This is happening for one reason: Now that the GOP will have a bigger Senate majority, Trump will actually be able to get a successor confirmed. That’s the only reason Sessions lasted this long:
Mr. Sessions’s departure creates instant uncertainty not only at the Justice Department, but also at special counsel Robert Mueller’s office. Mr. Sessions had recused himself from that investigation because of his role in the Trump campaign, but a new attorney general could oversee the probe.
Lawmakers of both parties have warned Mr. Trump against naming a new attorney general to weaken Mr. Mueller, but some Republicans more recently have signaled a willingness to consider replacements.
Any new nominee is certain to be closely scrutinized during the Senate confirmation process over whether the Mueller probe needed to be reined in or shut down entirely. Such a move likely could touch off a political crisis.
Mr. Sessions implemented Mr. Trump’s sweeping law-and-order agenda, but his tenure was dominated by the Mueller probe, which so far has netted the conviction of Trump campaign chairmanPaul Manafort, guilty pleas from other former Trump aides, and the indictment of many Russians, among other cases. A referral from Mr. Mueller also led Mr. Trump’s former personal lawyer, Michael Cohen, to plead guilty to crimes that included campaign-finance violations during the 2016 campaign.
Trump’s displeasure with Sessions was always about his recusal from the Russia business, and Trump was justified in his disgust, despite the widespread conventional wisdom that Sessions’s recusal was proper and necessary.
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If you’ll recall, Sessions came under fire after being nominated because he had taken meetings with Russian government representatives during the presidential campaign. The suggestion was that this created a conflict of interest for any attempt by the Department of Justice to investigate the Trump campaign for “collusion with Russia,” since Sessions had been an early Trump supporter and thus part of the campaign, even if only in an ad hoc fashion.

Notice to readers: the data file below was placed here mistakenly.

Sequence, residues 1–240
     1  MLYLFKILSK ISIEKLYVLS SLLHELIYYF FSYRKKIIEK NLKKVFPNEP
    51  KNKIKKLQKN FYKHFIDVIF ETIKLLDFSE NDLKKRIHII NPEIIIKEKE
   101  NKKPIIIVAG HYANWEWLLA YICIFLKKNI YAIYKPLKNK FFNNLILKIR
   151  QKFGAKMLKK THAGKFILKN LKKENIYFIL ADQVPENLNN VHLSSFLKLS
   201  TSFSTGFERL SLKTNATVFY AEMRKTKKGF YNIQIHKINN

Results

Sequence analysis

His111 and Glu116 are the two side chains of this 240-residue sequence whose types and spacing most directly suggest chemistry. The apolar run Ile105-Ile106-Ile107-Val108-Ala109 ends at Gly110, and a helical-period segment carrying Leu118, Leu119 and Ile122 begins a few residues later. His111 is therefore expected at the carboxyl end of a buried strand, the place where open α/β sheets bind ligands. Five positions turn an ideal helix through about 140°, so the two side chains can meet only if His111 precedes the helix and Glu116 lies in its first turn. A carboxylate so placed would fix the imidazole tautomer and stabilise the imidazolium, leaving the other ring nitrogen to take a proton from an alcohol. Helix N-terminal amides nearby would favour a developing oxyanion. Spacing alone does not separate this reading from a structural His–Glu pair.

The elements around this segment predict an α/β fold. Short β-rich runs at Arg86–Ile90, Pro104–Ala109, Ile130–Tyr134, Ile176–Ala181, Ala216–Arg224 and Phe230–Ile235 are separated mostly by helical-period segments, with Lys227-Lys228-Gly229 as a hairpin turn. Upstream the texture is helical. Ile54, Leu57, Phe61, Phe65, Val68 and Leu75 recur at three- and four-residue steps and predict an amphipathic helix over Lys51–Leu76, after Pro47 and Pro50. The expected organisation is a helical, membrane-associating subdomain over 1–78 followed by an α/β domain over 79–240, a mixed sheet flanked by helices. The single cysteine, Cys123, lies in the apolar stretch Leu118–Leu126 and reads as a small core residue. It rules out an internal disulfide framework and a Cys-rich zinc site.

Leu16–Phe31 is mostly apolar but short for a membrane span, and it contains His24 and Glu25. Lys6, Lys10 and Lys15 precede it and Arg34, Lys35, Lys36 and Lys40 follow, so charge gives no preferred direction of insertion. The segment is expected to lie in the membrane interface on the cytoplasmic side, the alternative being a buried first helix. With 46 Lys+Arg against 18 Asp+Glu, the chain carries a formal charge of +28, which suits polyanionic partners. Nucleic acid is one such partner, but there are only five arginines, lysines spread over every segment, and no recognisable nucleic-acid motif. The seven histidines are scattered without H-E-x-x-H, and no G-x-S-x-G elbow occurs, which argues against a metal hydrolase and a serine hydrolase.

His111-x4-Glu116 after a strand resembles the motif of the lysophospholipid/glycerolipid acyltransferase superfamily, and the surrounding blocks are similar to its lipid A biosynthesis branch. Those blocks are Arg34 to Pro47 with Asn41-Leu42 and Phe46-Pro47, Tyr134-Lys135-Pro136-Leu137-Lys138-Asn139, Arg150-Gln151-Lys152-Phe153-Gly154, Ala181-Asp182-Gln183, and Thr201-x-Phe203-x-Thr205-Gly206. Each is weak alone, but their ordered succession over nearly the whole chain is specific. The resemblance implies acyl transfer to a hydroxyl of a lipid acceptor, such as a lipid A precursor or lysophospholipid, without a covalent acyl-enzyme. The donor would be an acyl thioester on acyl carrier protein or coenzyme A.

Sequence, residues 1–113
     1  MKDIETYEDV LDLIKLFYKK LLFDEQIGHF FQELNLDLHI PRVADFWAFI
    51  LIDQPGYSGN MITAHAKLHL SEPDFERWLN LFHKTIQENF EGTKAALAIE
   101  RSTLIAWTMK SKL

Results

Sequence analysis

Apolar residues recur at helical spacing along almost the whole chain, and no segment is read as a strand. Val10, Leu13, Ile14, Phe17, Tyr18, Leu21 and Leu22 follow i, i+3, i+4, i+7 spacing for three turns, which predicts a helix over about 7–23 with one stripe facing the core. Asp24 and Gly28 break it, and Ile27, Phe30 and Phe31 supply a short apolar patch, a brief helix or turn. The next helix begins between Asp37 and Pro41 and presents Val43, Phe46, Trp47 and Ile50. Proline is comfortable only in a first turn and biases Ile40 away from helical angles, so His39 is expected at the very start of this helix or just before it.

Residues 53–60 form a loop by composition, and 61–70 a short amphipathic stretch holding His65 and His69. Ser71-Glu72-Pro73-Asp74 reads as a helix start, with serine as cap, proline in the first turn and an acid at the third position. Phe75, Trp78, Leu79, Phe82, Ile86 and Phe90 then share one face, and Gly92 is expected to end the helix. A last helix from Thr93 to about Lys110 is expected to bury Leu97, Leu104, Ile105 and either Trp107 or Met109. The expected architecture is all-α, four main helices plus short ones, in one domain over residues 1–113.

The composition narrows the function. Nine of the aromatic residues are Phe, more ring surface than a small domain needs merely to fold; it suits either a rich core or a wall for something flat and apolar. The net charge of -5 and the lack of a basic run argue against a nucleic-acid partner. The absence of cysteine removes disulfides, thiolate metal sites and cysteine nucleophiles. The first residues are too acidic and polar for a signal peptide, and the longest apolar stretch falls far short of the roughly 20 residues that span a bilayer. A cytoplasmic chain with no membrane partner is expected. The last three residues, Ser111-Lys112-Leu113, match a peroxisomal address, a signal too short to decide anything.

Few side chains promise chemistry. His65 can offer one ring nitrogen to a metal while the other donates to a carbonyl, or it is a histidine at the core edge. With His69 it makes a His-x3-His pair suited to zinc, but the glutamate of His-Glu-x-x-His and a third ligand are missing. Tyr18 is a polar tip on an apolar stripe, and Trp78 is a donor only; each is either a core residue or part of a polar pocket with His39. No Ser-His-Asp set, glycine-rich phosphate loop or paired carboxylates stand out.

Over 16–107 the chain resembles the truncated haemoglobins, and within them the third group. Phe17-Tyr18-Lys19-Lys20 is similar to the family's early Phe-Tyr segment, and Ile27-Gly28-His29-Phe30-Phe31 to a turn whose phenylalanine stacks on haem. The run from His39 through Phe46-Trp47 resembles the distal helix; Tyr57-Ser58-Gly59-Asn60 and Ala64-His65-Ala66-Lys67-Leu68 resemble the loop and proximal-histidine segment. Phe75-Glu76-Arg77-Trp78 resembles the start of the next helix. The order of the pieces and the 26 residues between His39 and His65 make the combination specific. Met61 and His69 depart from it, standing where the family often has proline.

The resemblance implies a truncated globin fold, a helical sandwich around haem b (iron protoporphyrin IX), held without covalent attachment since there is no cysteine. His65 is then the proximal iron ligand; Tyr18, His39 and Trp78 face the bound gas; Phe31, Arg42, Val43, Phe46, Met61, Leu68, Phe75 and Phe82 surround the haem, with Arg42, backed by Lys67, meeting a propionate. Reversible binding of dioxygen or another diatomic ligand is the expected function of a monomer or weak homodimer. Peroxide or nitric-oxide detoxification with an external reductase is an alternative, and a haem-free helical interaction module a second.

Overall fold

But this was always garbage.
Sessions was a member of the Senate Foreign Relations Committee during those months, and meeting with representatives of foreign governments was part of his job. The meetings had been completely above-board and proper, and they presented no reason whatsoever for Sessions to recuse himself from the Russia investigation.
Yet Sessions proved to be quite the creature of the Beltway in this matter. All the usual voices told him he had to recuse, and he quickly caved to the pressure and did so. That left Trump without his own man to oversee every aspect of the investigation, and forced him to deal with Obama holdover Rod Rosenstein, who was – to say the least – difficult to trust.
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In other respects Sessions was a decent attorney general, but Trump’s frustration was understandable on a matter that hung like a cloud over his presidency, yet has consistently been shown to be based on nothing whatsoever. Yet Sessions could only stand by helplessly while it all happened.
Getting a new Trump nominee approved won’t be easy, but given the right choice it should be possible.
Could you keep your job if you told your boss you could only do part of it?
By the way, Sessions’s short-term successor in the Senate, Luther Strange, is already pushing for Sessions to run in 2020 for his old seat against Democrat Doug Jones. Sounds good to us. Sessions was a good senator, and presumably if he returned to the Senate, he could do his entire job.
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